One of the latest on this no-seat-tube trend comes from the German company Urwahn, which is currently seeking funding on Kickstarter for its "unique" commuter bike.

Not only does this look-ma'-no-seat-tube bike represent the latest in futuristic design, but it's another bike billed as the "ultimate commuter" which might actually be OK if you work at home. Like most other "ultimate commuters" I've seen, it doesn't look like it would be comfortable or practical for any ride longer than a short hop down to the coffee shop. The website claims it can take full coverage fenders and a rack, but I'm just not seein' that.

Another relatively recent entry into the no-seat-tube club comes from AOI.Cycle:

With its laid back geometry, the AOI is like some kind of oxymoronic "future cruiser."

Cervelo has their P5X Triathlon bike, which I mentioned in this blog back in 2016:

The seat-tube-free design means there's more space for little cubbies and compartments for storing "hydration" formulas, goo packets, and maybe tools. But the real benefit is that it lets them brag that they're thumbing their noses at those ogres at the UCI and all their pesky regulations - which have never had an impact on triathlon bikes, or on most of the bikes made for non-professional-racing consumers for that matter. Remember what I said about the Y-Foil.

Here's a seat-tube-free design rendered in laminated wood from the German company Aceteam. It's also an e-bike.
Back in 2015 I called attention to the Viks Urban Cycle - an engineering-defying styling exercise from Estonia. Unlike many other styling exercises, however, you can actually buy the Viks. They have another version that looks almost the same except that it also foregoes seat stays. It's worth pointing out that the one-piece bars/fork make it impossible to make any adjustments for better fit or comfort - and apparently such frivolities as brakes are not really compatible with the design. Oh - you can get brakes, but according to the website: "All these are extras. Bike with extras is more complex to make, which in turn means extra fee. Don’t hesitate to ask us the prices."

Yep - the seat-tube's days are numbered. And good riddance, right? Just think how much those things are holding us back. Here's to the future!

Saturday, June 2, 2018

Farmers Market Saturday

We had some unseasonably hot weather in the last week of May (up in the 90s and humid), but we just got a reprieve from that for our first Saturday of June. I got up this morning and found it cloudy and cooler - low 60s - and perfect for a ride to the farmers market.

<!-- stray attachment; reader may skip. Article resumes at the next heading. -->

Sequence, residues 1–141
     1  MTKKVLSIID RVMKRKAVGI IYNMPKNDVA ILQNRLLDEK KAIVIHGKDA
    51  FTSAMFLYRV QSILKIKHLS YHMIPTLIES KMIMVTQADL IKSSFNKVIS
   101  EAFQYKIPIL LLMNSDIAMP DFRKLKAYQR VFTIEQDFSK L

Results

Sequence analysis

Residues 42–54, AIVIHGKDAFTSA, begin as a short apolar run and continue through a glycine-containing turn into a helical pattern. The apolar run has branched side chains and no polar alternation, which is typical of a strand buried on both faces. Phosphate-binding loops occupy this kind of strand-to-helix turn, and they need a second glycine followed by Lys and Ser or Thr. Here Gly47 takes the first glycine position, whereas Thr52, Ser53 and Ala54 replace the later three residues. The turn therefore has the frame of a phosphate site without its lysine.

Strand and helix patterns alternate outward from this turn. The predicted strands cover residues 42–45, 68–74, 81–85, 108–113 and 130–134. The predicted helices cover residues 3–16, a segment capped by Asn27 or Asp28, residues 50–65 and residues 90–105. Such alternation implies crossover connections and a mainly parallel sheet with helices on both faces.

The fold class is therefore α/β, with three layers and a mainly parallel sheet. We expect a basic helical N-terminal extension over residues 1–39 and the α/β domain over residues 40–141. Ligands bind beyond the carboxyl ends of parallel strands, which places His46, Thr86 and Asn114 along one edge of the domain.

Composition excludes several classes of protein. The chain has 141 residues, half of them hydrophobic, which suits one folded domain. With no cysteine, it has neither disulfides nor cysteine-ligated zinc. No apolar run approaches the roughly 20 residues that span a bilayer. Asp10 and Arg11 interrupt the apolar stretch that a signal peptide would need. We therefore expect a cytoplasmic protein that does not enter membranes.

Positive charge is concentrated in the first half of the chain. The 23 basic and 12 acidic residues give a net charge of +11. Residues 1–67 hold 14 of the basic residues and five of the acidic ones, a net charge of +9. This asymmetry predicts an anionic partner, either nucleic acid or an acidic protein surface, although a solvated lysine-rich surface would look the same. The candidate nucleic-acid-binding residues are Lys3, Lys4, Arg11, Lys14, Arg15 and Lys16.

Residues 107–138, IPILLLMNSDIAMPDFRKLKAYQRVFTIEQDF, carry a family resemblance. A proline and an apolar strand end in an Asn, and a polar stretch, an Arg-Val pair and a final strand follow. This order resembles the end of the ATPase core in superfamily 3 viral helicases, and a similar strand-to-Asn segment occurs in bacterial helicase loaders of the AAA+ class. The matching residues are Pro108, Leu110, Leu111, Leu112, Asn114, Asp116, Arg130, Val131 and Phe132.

Every Saturday from late spring, through the summer, and into the fall there is a really nice farmers market in the Cuyahoga Valley - in the heart of the national park. Getting there on a bike just feels right. One can take the Ohio & Erie Canal Towpath for much of the way if they wish, though there isn't a direct connector from the path to the meadow where the market is held, so at least a short hop on the valley road is required - not that that's a problem. Bicycles are a common sight on the valley road, so drivers more or less know to expect us.

My Specialized Expedition touring bike seemed like the right bike for the errand. If I'd had more cash on hand and plans to really load up with goods today, I would have put a pair of panniers on the front rack, too. But I was really only after one thing today. I took this picture at one of the train depots by the Cuyahoga Valley Railway which runs through the park and right past the farmers market.
The market not only features many tents with some of the best locally grown produce, meat, cheeses, and baked goods, but there's always live music and often some crafts as well. There's usually vendors cooking up things to eat, too (breakfast burritos are a favorite).
I went to the farmers market mainly for one thing today. And it turned out that lots of other people had the same plan. This tent easily had the longest line in the whole meadow.
There's what I came for - and what all those others were waiting in line for: the first strawberries of the season. Small in size, deep in color, and the most flavorful strawberries you'll ever find. My handlebar bag (Acorn boxy bag) holds two quart boxes perfectly. It's like they designed it for this exact purpose.
While I was at the market, I also got some fantastic bread - though lots of other items were looking very tempting. Then I made my way home. The roads and trail through much of the valley are currently in bloom with little tiny white flowers that give off a powerfully sweet smell. I've only recently come to learn that they are Mock Orange shrubs - and they are all over the valley. That really capped off a nice morning ride.

That's all for now - happy summer, folks.